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Living 4 major ways being vegan helps the environment

Jul. 13, 2017
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Considering Trump’s recent decision to pull the United States out of the Paris Agreement, and the 111 mile long ice crack in the arctic threaten to break the ice shelf apart, there perhaps hasn’t been a better time to discuss what individuals can do to help the environment. While it’s important to turn off lights and be conscious of how much water your household uses, these small changes don’t make nearly as much of a difference as going vegan or vegetarian.

I’ll be honest: at the moment, I’m a vegetarian, and while I aspire to be vegan, I haven’t quite been able to cut cheese or eggs out of my diet. So while I don’t fully practice what I preach, I do hope to be vegan within the next few months.

Climate change is the most pressing issue facing humanity and the planet today. While transportation and oil drilling are the scapegoats of how humanity has hurt the environment, the impact of our dietary choices has gone largely unnoticed. The Food and Agriculture Organization of the United Nations released a statement in 2006 saying that raising animals for food is “one of the top two or three most significant contributors to the most serious environmental problems, at every scale from local to global.” 

So what is it about livestock that causes such an impact, and how does going vegan help the environment? 

1. It saves water

Animal production uses huge quantities of water for them to drink, to grow crops for their feed, and to process their carcasses. One study found that the production of one kilogram of beef uses 3700 liters of water, the equivalent of 40 baths or 300 toilet flushes—and this is a small estimate. Another study from Cornell University put the water usage for one kilogram of beef closer to 100,000 liters. For comparison, a kilogram of maize uses 77 liters; wheat, 119 liters; and barley, 2174 liters. More than one billion people across the planet are already unable to access enough safe water to meet their needs. As people who have access to an almost endless supply of water, we must make a shift to prioritizing a sustainable diet over a meat-based one.

2. It saves energy

Fossil fuels (oil, gasoline, and coal) release carbon dioxide when burned, creating holes in the ozone layer and contributing to the planet’s rise in temperature. Producing a calorie of animal protein burns about 11 times as much fossil fuel as does producing a calorie of grain protein. A University of Chicago study even showed that you can reduce your carbon footprint more effectively by going vegan for a year than by switching from a conventional car to a hybrid. And that’s just a single year of veganism!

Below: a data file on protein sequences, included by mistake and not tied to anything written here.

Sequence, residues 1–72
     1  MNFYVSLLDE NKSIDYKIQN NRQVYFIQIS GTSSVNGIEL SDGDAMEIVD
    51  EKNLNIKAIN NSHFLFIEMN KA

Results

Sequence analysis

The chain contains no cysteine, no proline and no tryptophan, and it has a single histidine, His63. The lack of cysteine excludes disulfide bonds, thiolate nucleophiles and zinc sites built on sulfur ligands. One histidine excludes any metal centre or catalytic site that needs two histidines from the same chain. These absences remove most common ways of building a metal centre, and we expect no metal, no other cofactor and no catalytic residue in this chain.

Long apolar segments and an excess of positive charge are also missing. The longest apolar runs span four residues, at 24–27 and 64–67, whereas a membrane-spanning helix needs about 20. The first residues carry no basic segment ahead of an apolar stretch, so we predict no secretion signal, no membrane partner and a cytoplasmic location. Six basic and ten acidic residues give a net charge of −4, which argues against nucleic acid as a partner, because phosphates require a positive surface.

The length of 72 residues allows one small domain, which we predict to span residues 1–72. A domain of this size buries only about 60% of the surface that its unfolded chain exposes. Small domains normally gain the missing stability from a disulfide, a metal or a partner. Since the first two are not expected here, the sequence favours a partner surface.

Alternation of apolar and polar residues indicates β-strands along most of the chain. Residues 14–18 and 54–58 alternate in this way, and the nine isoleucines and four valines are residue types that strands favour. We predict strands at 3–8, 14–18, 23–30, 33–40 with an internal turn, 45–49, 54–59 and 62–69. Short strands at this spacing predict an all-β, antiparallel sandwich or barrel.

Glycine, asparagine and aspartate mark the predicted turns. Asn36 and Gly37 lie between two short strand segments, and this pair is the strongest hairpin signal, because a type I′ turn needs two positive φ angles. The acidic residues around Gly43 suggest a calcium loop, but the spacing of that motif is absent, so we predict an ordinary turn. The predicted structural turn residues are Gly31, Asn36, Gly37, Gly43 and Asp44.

3. It stops contribution to deforestation

Ever heard how the Amazon rainforest loses upwards of 80,000 acres of wildlife everyday? Probably. Did you know that beef production contributes to 65-70% of this deforestation? Expansion of livestock production is a key factor in deforestation. In a process known as hamburgerization, cattle graze on cleared land, moving to yet more land once they have destroyed the fertility of the soil. The US alone has lost about a third of its topsoil from factors that include livestock agriculture. To make matters worse, while cattle ranching devastates our earth in this way, the food produced from the livestock is only used to feed a fraction of the world’s population, while many people in underdeveloped countries starve. 

4. It increases the amount of grain available to feed people elsewhere

Hundreds of millions of people around the world are currently suffering from hunger and malnutrition, and yet 70 percent of the grain grown in the United States is fed to livestock. Even animals in poor countries are fed cereal, as well as legumes and vegetables, in order to produce meat and dairy. Each year more than 700 million tons of human-grade food feeds livestock, even though it could instead be used to eradicate world hunger.

Despite the overwhelming case for many people to go vegan, only 3.2% of Americans (or 7.3 million people) are vegetarian, while only .5% (or 1 million) are vegan. Of course, I don’t want to shame anyone into making a lifestyle choice they don’t think would work for them. If you can’t go vegan, or even vegetarian, a good way to start is by being pescatarian, or simply cutting your meat intake to a few meals a week. However, I think it’s important to know the impact our choices have on the planet, because if the benefits of cutting meat convince enough people to go vegan or even just reduce their meat intake, the results could have a major impact on the planet—in a good way!